Looking up on the Los Angeles Staple center rafters, the 16 NBA championship banners are waving gently. As a breath of fresh air subtly moves towards it.
The Lakers new head coach, Luke Walton had a daunting task of adding another championship banner to make it into 17 and to tie with the Boston Celtics as the winningest franchise in NBA history. Even as an interim coach for the Golden State Warriors last season having an outstanding record of 39-4 before Steve Kerr took over. Luke at 36 years old is still an enigma on how he can make this bottom dweller team into a contender.
Luke’s best coaching is often the absence of coaching. It is not just about the X and O’s it is all about building personal integrity. What you are as a person is far more important than what you are as a player. He has been inspired by his father Bill who is one of NBA’s best center in the 70s and 80s. Bill was coach by John Wooden in his college days wherein his team won an 88-game winning streak. And Wooden taught his players everything they need to know but not about basketball but about life. When the Lakers scoring point guard D’Angelo Russell splashed a 3 point shot that prompted the Brooklyn Nets to call a timeout last Nov. 15. Russell jogged back to the bench and high-five the reserves when Walton called his attention and pointed to his trailing teammates, D’Angelo turn around and made sure he high-five each of them first. Somehow Walton is trying to create an identity to his young team, and putting up a culture that promotes collaboration and respect between players and coaches.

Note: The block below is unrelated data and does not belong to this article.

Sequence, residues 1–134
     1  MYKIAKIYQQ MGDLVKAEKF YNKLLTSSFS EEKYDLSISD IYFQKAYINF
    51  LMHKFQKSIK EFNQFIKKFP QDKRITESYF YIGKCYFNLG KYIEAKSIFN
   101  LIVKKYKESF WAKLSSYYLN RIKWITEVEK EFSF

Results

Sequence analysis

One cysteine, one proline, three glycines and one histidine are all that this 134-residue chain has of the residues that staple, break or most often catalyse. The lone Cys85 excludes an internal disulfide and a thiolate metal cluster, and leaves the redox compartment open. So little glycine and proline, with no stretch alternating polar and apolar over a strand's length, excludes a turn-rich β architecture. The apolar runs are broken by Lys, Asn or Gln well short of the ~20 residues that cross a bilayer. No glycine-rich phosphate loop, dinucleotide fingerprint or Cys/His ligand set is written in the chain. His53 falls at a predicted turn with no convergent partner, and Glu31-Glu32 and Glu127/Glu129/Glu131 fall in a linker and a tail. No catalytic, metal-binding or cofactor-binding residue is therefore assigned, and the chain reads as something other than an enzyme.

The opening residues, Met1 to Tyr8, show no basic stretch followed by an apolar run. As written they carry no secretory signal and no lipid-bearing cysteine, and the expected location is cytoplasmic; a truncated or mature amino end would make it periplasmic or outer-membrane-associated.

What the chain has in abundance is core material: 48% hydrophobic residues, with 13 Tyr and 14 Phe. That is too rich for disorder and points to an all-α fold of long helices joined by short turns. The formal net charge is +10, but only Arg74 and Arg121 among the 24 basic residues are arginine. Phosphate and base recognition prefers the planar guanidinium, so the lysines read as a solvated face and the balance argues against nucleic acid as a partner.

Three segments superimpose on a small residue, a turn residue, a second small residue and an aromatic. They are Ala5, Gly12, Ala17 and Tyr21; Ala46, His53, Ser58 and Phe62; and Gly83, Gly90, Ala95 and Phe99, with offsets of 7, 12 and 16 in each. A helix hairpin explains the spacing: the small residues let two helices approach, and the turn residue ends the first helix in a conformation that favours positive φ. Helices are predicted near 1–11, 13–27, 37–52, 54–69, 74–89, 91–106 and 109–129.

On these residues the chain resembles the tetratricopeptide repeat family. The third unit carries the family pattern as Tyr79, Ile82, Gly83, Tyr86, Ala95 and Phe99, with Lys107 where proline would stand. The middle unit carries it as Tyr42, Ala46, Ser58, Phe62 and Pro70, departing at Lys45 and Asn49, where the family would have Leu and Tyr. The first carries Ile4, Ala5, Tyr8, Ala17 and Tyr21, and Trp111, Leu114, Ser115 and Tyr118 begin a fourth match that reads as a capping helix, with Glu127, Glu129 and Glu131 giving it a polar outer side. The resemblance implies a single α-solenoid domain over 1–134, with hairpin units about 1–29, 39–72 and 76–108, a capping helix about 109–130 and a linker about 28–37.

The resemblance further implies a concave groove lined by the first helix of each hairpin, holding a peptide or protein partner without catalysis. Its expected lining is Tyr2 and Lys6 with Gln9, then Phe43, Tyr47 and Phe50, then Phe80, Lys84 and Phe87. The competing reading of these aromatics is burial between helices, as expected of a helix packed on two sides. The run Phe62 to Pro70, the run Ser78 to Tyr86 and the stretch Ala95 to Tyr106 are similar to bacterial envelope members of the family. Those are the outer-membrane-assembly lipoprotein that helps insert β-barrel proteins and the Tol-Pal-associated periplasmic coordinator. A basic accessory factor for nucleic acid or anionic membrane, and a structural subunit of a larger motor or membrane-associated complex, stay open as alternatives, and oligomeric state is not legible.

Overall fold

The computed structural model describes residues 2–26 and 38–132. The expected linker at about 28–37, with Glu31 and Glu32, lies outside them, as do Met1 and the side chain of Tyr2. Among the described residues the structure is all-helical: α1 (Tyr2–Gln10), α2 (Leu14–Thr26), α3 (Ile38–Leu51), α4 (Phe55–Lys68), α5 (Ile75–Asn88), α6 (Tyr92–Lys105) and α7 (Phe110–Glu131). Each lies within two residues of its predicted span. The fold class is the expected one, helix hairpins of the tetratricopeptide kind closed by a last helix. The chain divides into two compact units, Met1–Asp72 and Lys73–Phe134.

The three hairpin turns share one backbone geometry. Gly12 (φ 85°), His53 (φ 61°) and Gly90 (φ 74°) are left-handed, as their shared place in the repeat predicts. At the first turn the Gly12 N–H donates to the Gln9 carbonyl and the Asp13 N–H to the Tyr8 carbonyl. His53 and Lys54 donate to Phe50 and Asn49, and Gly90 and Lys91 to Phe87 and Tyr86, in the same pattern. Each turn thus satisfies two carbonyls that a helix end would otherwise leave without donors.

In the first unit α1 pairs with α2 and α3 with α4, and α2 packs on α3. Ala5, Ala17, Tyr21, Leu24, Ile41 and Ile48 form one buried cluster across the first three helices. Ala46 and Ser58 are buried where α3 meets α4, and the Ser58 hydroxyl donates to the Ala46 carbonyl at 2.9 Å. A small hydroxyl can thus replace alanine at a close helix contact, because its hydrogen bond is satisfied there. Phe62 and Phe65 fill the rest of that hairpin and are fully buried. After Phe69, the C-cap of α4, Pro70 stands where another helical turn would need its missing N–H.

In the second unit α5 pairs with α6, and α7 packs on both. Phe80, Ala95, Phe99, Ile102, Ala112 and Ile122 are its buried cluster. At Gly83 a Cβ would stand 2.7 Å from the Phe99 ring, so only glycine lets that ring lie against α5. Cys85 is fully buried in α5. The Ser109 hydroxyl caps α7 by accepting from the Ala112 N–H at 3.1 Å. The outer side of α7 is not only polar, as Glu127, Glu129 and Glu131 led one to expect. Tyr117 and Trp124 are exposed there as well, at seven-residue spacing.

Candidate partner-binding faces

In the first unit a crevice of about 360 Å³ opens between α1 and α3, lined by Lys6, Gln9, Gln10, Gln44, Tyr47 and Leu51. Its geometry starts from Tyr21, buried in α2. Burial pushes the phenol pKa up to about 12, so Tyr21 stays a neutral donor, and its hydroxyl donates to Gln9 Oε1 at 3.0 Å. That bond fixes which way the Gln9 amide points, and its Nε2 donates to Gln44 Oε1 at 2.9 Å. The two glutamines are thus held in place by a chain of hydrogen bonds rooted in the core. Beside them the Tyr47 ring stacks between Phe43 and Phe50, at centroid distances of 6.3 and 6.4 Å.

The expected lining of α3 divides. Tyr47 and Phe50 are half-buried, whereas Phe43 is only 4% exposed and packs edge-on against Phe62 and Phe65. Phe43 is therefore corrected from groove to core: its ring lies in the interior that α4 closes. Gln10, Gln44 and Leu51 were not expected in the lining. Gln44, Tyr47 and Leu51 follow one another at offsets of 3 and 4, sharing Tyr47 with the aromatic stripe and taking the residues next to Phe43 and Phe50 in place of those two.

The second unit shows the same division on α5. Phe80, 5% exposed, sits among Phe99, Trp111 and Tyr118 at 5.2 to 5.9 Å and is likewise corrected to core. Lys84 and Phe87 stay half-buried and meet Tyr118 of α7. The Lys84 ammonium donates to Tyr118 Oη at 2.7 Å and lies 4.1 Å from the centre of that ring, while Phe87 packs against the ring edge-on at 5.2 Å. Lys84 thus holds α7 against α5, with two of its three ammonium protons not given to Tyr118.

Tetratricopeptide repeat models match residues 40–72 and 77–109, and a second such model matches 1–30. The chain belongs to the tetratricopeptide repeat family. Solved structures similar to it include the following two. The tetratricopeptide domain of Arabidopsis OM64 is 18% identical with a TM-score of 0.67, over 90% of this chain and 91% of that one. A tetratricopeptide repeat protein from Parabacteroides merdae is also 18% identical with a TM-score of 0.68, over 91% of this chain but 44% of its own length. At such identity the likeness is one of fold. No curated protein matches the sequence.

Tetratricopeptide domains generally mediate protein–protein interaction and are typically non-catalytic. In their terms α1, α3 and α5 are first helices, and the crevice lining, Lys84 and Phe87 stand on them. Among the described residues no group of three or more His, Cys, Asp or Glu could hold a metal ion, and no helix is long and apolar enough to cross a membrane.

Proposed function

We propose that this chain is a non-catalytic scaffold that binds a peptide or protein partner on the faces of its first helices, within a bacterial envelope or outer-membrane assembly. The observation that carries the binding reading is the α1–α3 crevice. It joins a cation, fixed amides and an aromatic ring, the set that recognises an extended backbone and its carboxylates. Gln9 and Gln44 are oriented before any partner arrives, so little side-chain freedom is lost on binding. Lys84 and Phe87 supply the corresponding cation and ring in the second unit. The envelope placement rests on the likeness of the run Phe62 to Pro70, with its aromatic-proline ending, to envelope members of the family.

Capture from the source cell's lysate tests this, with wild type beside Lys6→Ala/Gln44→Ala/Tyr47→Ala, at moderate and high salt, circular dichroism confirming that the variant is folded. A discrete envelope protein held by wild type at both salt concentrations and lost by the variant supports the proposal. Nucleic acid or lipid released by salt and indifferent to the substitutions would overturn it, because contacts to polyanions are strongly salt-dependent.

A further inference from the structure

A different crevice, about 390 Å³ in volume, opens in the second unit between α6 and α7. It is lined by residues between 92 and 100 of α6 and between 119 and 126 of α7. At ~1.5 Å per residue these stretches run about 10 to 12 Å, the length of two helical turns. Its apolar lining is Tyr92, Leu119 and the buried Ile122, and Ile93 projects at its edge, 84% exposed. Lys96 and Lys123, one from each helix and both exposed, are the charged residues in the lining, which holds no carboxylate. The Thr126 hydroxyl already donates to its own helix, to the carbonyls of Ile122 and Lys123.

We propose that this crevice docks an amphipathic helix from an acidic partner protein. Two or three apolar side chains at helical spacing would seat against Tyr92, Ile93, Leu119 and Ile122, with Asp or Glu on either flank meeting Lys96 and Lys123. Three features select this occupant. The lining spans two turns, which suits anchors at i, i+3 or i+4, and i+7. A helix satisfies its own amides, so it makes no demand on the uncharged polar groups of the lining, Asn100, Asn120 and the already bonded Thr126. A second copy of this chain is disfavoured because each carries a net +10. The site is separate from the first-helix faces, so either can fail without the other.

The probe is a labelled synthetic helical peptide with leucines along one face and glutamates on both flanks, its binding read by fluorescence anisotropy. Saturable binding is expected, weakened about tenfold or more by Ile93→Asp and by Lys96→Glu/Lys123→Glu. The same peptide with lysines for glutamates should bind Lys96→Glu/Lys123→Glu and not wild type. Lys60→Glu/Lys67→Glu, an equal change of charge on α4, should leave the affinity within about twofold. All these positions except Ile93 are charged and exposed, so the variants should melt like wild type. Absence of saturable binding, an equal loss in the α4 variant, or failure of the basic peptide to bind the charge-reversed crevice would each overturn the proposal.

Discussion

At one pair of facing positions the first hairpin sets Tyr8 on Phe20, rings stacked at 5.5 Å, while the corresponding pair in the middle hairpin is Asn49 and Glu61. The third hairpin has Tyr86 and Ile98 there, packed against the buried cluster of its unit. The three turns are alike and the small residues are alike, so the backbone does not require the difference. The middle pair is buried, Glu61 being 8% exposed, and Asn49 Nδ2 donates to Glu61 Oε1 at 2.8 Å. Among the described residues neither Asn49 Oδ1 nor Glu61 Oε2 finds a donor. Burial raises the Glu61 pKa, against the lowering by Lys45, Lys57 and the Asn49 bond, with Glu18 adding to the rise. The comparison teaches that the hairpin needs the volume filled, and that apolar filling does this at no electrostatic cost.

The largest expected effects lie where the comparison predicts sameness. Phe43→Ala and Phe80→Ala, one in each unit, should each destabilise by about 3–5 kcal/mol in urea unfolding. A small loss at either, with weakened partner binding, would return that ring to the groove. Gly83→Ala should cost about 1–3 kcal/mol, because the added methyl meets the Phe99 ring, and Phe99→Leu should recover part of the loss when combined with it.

During his interim gig with the Warriors, college coaches and scouts came in to practice with their pens and notepads out, hoping to get some noteworthy plays, and yet they ended up disappointed with the loud music playing on the gym and players doing half court shots and having fun. If it takes more wasted practice to goofed around just to build camaraderie and chemistry, then Walton would take that chance. Phil Jackson who has been Walton’s coach for 9 years with the Lakers, would use precious practice time to have his players sit on the floor in the dark and meditate for hours. Building the muscle of the mind so that his players can clear away emotionally and mentally unhealthy pressure and perform at a highest level.
Everything is still a process. It would take months and a bucket of losses for the Lakers to get into the championship level. Luke Walton is not in a hurry though.
After all, he is building boys to be men.